SUNDAY STUDY: YOM KIPPUR 2020 – Day of Atonement

Yom Kippur

The Day of Atonement

Leviticus 16:30 “For on that day the priest shall make atonement for you, to cleanse you, that you may be clean from all your sins before the Lord.”

Leviticus 17:11 “For the life is in the blood, and I have given it to you to make atonement for your souls; for it is blood that makes atonement (covering) for your soul.”

Yom Kippur: Israel’s most awesome holy day, falls on the last day of the Ten Days of Awe.

Yom is Hebrew for day and kippur is from the Hebrew word ‘kaphar’ meaning to cover. For Jews, the atonement means a ‘covering’ of the sins of the past year. Yom Kippur falls on the 10th day after Rosh Hashanah, completing the 10 Days of Awe and is five days before the 7th Feast: Tabernacles.

Yom Kippur is a solemn day of fasting and repentance and no work is allowed. According to Jewish belief, Jews who do not repent and observe are ‘cut off’ and will suffer death.

Prior to AD 70 and the destruction of the Temple, the High Priest (Cohen Gadol) was the only person allowed to enter the Holy of Holies (behind the sacred veil) in the Temple. And Yom Kippur was the only day of the year in which he was allowed to enter and stand before God.

The ritual began with the High Priest (Aaron in the Leviticus passage) preparing himself by bathing and changing into a special set of holiday vestments that included a turban and sash! He then selected three animals as sacrifices—two young goats and one bull. (Lev. 16:1-5)

Aaron cast lots (not unlike a roll of a die) to select one goat as the offering and the other as scapegoat or “Azazel”. This random selection ensured that the high priest would not be able to sway the decision; God Himself would make the decision.  But before the High Priest entered, he would make atonement for himself, for his family, and for his community. (Lev. 16:6-10)

The goat selected as a blood offering was killed along with the young bull. Their blood was brought into the most holy place of the Temple, and sprinkled on the mercy seat (the cover of the Ark of the Covenant). That sacrifice atoned for (cleansed, purified) the High Priest, the people and the sanctuary. (Lev. 16:11-15) A rope was tied to the High Priest’s feet in case a malady befell him and he had to be pulled out of the Holy of Holies.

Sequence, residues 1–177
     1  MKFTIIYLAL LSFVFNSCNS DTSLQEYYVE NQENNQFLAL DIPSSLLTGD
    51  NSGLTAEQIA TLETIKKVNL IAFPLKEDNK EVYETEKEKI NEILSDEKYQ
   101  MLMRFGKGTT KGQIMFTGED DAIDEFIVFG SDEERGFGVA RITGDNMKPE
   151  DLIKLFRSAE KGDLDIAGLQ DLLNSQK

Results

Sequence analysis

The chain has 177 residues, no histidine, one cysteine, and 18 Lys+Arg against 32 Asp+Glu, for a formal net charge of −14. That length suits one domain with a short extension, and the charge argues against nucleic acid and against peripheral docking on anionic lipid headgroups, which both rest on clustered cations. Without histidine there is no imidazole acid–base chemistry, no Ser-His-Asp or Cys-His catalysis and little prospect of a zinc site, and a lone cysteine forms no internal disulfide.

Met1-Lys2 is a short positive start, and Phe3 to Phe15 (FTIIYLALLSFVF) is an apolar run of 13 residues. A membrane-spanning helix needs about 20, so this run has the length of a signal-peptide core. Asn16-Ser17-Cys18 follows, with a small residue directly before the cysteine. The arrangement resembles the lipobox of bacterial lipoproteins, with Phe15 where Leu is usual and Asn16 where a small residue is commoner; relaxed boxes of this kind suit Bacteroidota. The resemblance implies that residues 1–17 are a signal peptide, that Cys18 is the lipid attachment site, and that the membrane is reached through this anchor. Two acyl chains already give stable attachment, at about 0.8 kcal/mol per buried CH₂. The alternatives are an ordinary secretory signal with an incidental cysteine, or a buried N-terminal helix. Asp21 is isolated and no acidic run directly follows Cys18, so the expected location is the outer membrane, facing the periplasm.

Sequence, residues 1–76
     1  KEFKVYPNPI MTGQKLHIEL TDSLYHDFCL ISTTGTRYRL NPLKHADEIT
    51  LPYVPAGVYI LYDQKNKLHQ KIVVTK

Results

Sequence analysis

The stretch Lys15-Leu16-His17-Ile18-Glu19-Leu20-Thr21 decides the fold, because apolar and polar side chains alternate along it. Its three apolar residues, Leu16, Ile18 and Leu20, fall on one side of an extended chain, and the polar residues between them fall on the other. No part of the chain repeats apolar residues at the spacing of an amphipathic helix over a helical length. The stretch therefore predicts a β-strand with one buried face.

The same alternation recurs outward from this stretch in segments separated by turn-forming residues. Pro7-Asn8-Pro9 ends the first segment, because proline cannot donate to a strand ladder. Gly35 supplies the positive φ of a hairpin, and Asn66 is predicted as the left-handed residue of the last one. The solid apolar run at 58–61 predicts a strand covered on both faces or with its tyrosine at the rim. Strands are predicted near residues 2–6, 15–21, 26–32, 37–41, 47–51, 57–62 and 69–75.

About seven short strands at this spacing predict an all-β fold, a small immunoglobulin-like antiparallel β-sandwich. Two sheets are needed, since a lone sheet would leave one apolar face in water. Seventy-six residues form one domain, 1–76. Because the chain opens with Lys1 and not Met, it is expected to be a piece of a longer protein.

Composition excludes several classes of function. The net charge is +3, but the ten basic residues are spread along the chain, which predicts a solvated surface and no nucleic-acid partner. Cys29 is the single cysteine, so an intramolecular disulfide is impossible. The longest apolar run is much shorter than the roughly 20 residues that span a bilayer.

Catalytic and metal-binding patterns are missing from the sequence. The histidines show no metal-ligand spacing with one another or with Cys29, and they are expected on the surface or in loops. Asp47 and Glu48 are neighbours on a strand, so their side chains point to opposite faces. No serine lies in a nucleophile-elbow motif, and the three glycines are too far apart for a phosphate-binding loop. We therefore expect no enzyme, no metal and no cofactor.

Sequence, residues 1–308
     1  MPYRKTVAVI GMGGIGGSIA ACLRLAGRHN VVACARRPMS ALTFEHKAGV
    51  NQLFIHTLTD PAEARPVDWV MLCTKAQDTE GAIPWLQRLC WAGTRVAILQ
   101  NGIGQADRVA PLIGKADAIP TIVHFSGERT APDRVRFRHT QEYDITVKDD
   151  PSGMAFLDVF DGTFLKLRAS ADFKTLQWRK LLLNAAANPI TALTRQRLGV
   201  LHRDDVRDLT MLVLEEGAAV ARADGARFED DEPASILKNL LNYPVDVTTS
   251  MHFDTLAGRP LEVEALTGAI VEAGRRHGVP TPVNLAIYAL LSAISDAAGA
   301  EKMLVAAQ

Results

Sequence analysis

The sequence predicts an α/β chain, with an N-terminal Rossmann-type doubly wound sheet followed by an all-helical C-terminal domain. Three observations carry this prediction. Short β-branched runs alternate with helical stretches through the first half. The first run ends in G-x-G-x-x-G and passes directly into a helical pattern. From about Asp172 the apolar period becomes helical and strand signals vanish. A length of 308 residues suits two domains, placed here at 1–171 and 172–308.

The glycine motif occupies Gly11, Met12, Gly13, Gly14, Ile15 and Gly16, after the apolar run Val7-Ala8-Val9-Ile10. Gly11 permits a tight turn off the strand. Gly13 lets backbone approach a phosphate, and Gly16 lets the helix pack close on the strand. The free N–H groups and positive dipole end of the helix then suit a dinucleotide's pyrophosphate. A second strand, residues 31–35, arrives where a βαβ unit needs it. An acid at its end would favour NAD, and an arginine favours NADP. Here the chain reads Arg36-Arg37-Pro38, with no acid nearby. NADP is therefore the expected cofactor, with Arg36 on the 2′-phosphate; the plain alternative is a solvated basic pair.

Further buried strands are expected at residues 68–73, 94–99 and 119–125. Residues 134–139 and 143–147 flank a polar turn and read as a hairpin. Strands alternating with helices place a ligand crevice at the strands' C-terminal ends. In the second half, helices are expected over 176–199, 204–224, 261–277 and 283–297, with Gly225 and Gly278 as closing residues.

The living scapegoat was taken away to be lost in the desert after the High Priest laid both hands on its head and confessed the sins of Israel. In this way, the sins of the nation were symbolically carried off into the desert. The hides, flesh, and offal of the sacrificial animals were carried outside the camp and burned. (Lev. 16:20-22)

In Deuteronomy 12:5-6 and in Psalm 132:13-14, God made it clear that sacrifices could only be made in the temple in Jerusalem, His chosen dwelling place. After the temple’s destruction in AD 70, it was forbidden to make animal sacrifices.

So the rabbis devised another plan. They said that in the absence of the Temple, repentance, prayer and tzedekah (charity) would become the means of atonement. Israel abandoned atonement by blood and substituted atonement through mitzvoth, or good works. They cited Hosea 6:6 as justification: “For I desire steadfast love and not sacrifice, the knowledge of God rather than burnt offerings.”

Christian Application: Some prophecy instructors teach that Jesus was born on Rosh Hashanah and will return on Rosh Hashanah. If that is accurate, then it follows that the Day of Yom Kippur would be the day when “They will look upon Me, the One they have pierced and they will mourn (repent, atone) for Him as one mourns for an only child and grieve for Him as a father grieves for an only child” Zechariah 12:10.

We can agree, however, that Jesus Messiah is the fulfillment of the foreshadowing of

  • the office of High Priest
  • the blood sacrifice of the goat
  • the scapegoat that is blamed and punished for the sins of the world and removes our sins

Blood sacrifices for the payment for sin are not required in the New Covenant Church. Jesus Christ offered Himself and paid the sin debt in full for all. But we must acknowledge that it is only He who has achieved our salvation and sanctification. Romans 3:25; Hebrews 9:11-15, 9:25-28; Hebrews 10:10, 13:11-12.

Click HERE for the beautiful Yom Kippur prayers.

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